April 16, 2010

The Lost Art of "Having Coffee"

I think there is a lost art in many societies in the world.
Very often the western world, especially America.
Maybe I am mistaken.

I have noticed a part of my life here in Mozambique that I have grown to love brings back childhood memories from a slower, simplier time in life. The first 8 years of my life I grew up in a very small town of New Brunswick, Canada. Although I don't remember a lot, I do remember that my mom and her best friend, Judy knew how to have coffee. My mom would just randomly drop by Judy's house and vice versa so they could visit, chat and have coffee. There was no need for a formal reason, a formal phone call or waiting for an invitation or a response to see if they could fit into each others weekly schedule. It was just time for friends to check in on each other, take time out of their day for one another and be together.

Here in Mozambique it is much the same. People have time for coffee with one another.
There are things to do but relationships hold priority.
Maybe it is because most of us have only each other for family or we do not have many places to go.
I don't know, I only know that I love having coffee with friends.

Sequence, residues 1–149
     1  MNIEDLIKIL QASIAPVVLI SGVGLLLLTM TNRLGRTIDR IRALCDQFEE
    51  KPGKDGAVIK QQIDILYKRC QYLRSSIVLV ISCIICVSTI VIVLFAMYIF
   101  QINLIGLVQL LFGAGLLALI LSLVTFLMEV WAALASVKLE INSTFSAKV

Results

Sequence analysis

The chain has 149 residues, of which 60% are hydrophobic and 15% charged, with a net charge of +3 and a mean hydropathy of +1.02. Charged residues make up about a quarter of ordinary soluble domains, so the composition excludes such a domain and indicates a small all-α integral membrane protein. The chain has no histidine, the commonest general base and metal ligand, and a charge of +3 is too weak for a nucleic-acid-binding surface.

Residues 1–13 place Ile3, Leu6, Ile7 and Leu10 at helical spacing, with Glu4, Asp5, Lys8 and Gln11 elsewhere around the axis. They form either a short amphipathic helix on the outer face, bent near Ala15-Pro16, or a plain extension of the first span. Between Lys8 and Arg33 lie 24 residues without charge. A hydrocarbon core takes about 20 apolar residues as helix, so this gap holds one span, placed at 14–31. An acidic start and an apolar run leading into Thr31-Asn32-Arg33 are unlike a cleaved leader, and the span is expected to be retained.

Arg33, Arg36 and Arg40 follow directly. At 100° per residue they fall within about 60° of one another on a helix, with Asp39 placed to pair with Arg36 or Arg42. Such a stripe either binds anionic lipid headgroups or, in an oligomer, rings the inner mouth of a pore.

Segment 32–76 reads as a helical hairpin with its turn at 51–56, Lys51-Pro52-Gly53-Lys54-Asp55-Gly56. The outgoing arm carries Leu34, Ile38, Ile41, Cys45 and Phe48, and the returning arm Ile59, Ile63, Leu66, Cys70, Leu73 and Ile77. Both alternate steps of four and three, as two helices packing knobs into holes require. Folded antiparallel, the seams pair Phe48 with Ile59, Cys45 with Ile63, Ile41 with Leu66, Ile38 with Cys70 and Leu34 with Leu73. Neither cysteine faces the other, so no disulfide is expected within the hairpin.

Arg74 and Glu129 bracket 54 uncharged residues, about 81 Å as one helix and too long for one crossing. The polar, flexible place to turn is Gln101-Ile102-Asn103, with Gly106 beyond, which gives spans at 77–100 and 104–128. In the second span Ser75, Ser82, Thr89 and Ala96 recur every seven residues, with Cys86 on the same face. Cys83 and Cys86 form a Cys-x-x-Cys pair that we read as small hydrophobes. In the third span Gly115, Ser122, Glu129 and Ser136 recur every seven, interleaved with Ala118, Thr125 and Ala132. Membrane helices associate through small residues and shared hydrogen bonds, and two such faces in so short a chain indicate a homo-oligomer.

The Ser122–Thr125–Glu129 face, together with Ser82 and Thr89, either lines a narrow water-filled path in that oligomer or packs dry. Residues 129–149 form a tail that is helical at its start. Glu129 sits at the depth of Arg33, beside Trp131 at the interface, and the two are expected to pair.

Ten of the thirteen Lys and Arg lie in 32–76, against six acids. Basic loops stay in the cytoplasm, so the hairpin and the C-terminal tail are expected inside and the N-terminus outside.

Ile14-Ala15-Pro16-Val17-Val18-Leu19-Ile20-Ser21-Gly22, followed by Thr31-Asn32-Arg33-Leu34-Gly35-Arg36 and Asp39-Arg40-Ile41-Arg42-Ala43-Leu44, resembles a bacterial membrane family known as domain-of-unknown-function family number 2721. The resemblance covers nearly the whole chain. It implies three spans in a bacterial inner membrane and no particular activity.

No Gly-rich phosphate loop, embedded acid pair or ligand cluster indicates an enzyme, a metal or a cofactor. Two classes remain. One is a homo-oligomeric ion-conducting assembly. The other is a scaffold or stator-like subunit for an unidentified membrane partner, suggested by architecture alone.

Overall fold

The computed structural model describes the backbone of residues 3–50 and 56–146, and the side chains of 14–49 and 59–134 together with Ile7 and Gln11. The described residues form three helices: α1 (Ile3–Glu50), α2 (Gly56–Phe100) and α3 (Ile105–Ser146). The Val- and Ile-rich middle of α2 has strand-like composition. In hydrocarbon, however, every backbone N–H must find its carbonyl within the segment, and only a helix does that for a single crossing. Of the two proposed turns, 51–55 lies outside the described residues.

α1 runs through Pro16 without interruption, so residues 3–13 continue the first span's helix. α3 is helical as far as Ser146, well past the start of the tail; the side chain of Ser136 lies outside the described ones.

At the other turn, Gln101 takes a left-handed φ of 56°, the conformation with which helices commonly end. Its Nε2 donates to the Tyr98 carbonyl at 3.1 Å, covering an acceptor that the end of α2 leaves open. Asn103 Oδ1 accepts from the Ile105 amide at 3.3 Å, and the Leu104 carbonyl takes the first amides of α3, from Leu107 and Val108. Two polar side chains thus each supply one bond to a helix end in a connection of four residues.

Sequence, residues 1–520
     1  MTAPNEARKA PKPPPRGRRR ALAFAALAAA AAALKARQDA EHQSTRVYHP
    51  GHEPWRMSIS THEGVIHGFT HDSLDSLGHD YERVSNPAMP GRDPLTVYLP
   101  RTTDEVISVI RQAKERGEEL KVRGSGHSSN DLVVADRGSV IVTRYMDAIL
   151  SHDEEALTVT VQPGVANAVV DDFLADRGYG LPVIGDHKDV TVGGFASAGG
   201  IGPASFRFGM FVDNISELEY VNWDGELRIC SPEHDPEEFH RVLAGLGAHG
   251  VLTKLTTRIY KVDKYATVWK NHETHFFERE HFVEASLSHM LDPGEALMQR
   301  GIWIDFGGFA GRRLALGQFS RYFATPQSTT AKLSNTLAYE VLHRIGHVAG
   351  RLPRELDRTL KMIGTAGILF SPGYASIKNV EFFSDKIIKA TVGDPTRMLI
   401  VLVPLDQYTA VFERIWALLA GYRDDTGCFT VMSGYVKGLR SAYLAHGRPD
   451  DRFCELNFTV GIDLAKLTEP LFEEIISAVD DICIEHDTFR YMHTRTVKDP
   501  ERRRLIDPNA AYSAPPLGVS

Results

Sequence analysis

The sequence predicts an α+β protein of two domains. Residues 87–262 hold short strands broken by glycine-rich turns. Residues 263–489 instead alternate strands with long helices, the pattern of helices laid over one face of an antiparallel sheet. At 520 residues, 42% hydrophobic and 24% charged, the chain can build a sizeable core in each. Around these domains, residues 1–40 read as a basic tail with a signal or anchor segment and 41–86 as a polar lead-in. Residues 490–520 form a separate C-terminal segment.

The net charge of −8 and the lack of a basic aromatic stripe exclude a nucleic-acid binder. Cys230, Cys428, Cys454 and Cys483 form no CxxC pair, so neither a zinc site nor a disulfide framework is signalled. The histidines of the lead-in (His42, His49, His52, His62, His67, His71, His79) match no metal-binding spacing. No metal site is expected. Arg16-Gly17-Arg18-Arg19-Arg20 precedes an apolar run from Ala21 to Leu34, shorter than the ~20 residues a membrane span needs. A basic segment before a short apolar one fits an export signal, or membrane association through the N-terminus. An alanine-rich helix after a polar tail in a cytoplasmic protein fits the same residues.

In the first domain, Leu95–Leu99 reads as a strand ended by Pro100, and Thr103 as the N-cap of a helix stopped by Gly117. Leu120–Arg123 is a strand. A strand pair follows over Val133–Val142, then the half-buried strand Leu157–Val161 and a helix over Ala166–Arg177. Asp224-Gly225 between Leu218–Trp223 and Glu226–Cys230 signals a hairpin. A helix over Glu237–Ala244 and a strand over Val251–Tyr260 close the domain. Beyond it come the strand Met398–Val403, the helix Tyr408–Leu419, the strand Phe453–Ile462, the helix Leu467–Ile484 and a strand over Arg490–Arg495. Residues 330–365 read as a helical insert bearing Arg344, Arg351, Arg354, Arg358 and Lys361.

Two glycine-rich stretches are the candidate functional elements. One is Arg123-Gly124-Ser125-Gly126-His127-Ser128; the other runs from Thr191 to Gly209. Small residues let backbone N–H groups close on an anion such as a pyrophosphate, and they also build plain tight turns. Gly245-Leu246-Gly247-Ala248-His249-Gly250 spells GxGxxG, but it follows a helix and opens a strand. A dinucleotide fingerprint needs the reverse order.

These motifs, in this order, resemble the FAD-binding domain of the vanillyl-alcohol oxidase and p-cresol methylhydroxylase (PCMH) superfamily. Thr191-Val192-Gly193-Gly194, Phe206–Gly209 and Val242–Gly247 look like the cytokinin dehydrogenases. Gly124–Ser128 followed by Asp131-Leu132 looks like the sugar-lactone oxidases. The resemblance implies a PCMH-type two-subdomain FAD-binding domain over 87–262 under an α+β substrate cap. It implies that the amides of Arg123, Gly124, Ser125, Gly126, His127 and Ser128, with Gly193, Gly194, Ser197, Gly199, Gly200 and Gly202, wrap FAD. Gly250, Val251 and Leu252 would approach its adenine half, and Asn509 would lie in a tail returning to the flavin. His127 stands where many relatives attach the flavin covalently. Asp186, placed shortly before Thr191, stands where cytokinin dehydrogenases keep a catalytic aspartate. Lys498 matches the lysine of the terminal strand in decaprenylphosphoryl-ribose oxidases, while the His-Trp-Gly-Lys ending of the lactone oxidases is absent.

This has not always been the case with me.
My goodness, I hardly drank coffee until I came to Africa.
I didn't have time for it. I didn't really like it.
But suddenly, I find myself loving it but maybe it's the connection I love more than the actual coffee
(although I can really enjoy a hazelnut flavored coffee with vanilla creamer and sugar).

One of the things that frustrated me last time I returned to the States was I felt like no one had time for coffee. Like I said I wasn't much of a coffee drinker then but it seemed no one had time to visit, to share life, to just chat and be with one another. I wanted to scream outloud, "Don't you all know how important we are meant to be to one another?.....take time for each other....love one another....be real with each other."
I wasn't judging, just really saddened.

I know life is busy. I know there are commitments. I know there are activites. I know, I know, I know....
But should life ever be so busy that we don't have time for relationships with people.
Isn't that what life is all about?

When is the last time you dropped in on your friend for coffee unexpectedly just to see how she is doing?

1 comment:

Karen said...

You have no comments here, so maybe I will be the first. I clicked into your blog through Ben's Facebook, actually, this morning, Craig "asked to be my friend" so I was just checking out the Pavkov family's stuff and came across your blog.
Let me introduce myself as a cousin! haha...too many pavkov cousins! Marc might know me or my siblings. Anyway, we have been living in Paraguay for 19 years and I totally understand your thoughts in this blog. In Paraguay people gather to drink tereré, a cool refreshing tea sipped from a straw. Its a social time to connect and visit. There is always time for tereré. I also noticed back in the states that there is no time for visits.
One shocker for me was when a lady from church was struggling to feed her 5 kids milk and bread, and on the first day of our visit back to the states I saw vanilla coke. I was so angry! Flavored coke! can you believe it? and this poor lady didn't even have enough to buy milk.
Okay, nice to "visit" with you.
...a pavkov cousin,